We describe an in vitro method for the development of CD4+ T-cell clones with specificity for a tumor antigen and the use of one such clone for the treatment of a patient with metastatic melanoma. Development of the method has been difficult, in part because of the paucity of well-defined immunogenic HLA class II–restricted epitopes of tumor antigens and also because of the difficulty in isolating and expanding CD4+ T-cell clones to obtain numbers sufficient for clinical use. The HLA-DP4–restricted peptide epitope of the melanoma-associated cancer–testis antigen NY-ESO-1 is one of the most immunogenic tumor antigens10,14
and can elicit responses by CD4+ T cells from patients with cancer who have been immunized with NY-ESO-1.15,16
Using the NY-ESO-1 peptide, we succeeded in generating NY-ESO-1–specific CD4+ T cells from the blood of an unimmunized patient with meta-static melanoma. We were able to expand these cells to several billion and use them to treat the patient. No exogenous cytokines were administered because these CD4+ T cells, when stimulated in vitro by the NY-ESO-1 antigen, produce auto-crine-active interleukin-2. After infusion of the cells, influenza-like symptoms and lymphopenia, signs of a cytokine release syndrome, developed. In contrast to transferred CD8+ T cells, which survive only briefly (<20 days) in vivo in the absence of exogenous cytokine,1,3
the CD4+ T-cell clones that we administered without any cytokine treatment were detectable in the patient’s blood for at least 3 months. Therefore, the possibility that in vitro–derived and clonally expanded T cells were functionally exhausted17
was not substantiated by our results.
Our studies and those performed by others have shown that immunotherapy with antigen-specific T cells can eliminate tumor cells that express the corresponding antigen, but it can also allow the outgrowth of antigen-loss tumor variants.1,3
The target antigen in our case, NY-ESO-1, was not uniformly expressed by the cells of the patient’s melanoma, yet the tumor regressed completely. We postulate that the complete regression of the tumor can be attributed in part to responses by the patient’s immune system to other antigens displayed by the tumor. This additional response could have come about through antigens in apoptotic bodies that were released from killed tumor cells. When collected and processed by antigen-presenting cells, these antigens probably activated a variety of T cells, thereby broadening the immune response, a process referred to as antigen spreading.18,19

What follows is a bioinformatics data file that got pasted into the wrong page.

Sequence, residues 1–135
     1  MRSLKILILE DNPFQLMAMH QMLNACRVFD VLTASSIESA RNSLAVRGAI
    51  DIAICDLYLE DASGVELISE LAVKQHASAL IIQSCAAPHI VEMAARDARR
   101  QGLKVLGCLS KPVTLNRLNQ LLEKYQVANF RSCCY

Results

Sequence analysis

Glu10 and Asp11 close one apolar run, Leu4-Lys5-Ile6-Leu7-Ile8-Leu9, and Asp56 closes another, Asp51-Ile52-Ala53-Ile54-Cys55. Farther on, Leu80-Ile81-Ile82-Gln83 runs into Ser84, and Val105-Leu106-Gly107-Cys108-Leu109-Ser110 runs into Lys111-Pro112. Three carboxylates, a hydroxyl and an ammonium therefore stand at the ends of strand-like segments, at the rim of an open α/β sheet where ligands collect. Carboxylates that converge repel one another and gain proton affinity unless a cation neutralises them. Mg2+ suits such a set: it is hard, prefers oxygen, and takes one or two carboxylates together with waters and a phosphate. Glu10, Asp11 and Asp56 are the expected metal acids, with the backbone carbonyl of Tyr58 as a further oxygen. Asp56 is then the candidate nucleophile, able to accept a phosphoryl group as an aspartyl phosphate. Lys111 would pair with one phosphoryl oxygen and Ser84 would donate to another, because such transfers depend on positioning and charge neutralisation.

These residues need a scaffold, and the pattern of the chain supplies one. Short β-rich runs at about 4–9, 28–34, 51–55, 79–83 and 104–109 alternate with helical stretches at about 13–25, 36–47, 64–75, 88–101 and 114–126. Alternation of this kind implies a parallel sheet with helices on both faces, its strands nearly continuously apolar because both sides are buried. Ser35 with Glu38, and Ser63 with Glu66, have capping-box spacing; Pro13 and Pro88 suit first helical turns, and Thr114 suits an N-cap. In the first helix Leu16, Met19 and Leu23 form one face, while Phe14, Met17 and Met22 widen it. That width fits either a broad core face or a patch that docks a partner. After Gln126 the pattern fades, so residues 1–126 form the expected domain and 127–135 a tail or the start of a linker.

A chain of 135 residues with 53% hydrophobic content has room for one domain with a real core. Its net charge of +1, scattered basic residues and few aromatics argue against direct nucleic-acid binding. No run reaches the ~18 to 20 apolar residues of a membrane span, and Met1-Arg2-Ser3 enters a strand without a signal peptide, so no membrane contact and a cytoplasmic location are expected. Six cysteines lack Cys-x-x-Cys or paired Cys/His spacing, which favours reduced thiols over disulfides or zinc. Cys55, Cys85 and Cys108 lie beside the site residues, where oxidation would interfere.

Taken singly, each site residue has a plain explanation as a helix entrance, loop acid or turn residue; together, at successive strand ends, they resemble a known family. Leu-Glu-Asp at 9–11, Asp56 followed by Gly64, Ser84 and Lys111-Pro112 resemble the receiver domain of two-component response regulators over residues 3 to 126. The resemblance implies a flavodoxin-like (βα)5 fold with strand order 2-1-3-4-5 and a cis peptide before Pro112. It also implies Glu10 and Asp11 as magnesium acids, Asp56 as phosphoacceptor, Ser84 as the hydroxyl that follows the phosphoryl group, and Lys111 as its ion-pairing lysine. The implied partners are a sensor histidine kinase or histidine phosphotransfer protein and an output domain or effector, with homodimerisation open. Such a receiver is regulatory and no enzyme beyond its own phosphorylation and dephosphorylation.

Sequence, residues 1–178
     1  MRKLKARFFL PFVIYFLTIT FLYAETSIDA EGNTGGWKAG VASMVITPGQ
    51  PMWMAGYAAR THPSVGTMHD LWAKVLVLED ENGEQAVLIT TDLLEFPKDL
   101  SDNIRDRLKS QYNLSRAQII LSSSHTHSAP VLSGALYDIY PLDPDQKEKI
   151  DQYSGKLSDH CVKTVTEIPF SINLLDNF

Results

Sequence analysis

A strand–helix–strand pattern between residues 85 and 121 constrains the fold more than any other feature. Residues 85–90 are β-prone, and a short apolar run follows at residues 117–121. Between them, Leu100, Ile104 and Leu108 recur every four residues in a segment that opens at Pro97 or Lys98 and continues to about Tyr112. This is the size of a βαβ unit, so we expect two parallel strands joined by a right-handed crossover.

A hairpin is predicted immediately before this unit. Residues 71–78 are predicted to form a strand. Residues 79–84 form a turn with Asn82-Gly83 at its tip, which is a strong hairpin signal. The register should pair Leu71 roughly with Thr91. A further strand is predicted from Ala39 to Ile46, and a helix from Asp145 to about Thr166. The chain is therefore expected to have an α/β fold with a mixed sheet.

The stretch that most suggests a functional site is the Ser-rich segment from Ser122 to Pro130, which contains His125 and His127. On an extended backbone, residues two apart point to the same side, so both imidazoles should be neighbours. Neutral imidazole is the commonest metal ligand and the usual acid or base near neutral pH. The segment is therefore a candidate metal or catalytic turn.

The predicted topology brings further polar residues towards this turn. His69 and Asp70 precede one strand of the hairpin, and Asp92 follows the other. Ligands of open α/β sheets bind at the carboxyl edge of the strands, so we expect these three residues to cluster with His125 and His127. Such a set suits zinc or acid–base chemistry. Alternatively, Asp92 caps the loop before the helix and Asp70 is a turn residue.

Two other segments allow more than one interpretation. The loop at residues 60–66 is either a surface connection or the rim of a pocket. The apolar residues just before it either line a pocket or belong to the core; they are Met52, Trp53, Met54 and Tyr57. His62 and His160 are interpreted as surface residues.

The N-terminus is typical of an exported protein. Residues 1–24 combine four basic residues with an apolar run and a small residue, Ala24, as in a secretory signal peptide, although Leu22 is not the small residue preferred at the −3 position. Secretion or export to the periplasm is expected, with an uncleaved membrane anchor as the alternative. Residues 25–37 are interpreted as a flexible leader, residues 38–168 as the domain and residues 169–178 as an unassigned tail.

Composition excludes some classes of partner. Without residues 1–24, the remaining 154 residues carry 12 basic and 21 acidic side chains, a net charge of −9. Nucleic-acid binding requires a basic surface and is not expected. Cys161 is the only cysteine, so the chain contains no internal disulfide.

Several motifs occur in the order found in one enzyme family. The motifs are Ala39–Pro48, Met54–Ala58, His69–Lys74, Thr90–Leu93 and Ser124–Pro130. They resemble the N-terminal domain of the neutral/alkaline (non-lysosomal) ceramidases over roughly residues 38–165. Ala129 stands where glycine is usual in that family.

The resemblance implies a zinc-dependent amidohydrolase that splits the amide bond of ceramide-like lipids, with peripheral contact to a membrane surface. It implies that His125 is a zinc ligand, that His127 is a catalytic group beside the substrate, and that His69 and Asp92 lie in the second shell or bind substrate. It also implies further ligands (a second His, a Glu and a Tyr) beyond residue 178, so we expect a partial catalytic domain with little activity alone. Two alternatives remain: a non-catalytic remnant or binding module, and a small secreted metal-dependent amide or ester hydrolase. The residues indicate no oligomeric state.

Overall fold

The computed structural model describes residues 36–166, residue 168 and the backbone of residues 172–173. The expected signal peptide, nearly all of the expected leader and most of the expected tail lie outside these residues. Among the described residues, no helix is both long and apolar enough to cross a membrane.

The delay of days to weeks in the development of these additional responses is consistent with antigen spreading ().
The fact that T cells against glycoprotein 100, an antigen that was not expressed by the melanoma, were undetectable indicates the selectivity of the antitumor immune responses. It is also possible that the reduction in the tumor burden relieved immunosuppression in the tumor microenvironment caused by inhibitory cytokines and regulatory T cells, thereby contributing to the broadened T-cell response. IgG antibodies against NY-ESO-1 were detectable in plasma samples from the patient before infusion of the T-cell clone and remained unchanged in titer after the infusion. The presence of antibodies against NY-ESO-1 is associated with an increased likelihood that NY-ESO-1–specific CD4+ and CD8+ T-cell responses will be generated ex vivo.14,20
Antibodies against MAGE-3 and MART-1 were undetectable before the T-cell infusion and afterward for up to 87 days ( in the Supplementary Appendix
). The lack of an increase in the titers of antibodies against melanoma antigens despite the appearance of CD4+ T cells against these antigens suggests that the production of such antibodies is independent of T cells.
In summary, we showed that the infusion of a clonal population of CD4+ T cells with specificity for a single tumor-associated antigen caused complete regression of a tumor. During regression of the tumor, this clone appears to have induced the patient’s own T cells to respond to other antigens of his tumor. These findings support further clinical studies of antigen-specific CD4+ T cells in the treatment of malignant disease.